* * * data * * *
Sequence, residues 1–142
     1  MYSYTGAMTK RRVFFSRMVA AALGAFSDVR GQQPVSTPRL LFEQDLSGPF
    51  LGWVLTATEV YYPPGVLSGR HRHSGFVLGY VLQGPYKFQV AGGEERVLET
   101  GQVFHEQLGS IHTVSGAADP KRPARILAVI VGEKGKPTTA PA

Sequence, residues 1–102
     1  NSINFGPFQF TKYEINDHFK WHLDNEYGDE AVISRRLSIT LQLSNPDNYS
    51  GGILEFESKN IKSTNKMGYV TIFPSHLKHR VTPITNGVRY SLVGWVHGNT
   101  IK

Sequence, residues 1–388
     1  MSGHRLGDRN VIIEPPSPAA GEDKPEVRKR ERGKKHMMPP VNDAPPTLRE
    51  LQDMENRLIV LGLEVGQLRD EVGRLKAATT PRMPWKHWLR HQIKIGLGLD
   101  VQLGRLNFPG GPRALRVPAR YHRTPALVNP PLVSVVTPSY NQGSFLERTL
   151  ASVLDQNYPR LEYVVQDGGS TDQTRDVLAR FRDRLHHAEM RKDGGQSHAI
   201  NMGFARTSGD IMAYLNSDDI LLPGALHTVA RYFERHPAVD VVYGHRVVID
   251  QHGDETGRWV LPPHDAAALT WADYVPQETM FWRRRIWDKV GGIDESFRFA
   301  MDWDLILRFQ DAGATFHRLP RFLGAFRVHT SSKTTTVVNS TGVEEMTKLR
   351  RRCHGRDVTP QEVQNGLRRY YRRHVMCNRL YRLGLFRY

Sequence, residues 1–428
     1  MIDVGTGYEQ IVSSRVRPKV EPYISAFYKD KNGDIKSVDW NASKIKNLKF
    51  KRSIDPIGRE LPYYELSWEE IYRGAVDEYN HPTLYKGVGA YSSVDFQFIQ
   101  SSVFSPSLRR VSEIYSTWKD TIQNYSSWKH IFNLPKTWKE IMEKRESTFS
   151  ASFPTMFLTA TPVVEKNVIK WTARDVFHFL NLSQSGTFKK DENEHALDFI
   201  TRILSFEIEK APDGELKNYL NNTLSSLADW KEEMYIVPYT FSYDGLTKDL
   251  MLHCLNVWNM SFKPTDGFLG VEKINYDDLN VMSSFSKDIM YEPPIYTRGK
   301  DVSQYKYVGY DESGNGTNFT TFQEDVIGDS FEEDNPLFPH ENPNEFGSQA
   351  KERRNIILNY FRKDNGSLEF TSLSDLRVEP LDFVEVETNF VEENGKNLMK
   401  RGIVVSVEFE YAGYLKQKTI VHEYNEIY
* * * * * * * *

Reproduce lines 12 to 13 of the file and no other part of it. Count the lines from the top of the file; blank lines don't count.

   101  VQLGRLNFPG GPRALRVPAR YHRTPALVNP PLVSVVTPSY NQGSFLERTL
   151  ASVLDQNYPR LEYVVQDGGS TDQTRDVLAR FRDRLHHAEM RKDGGQSHAI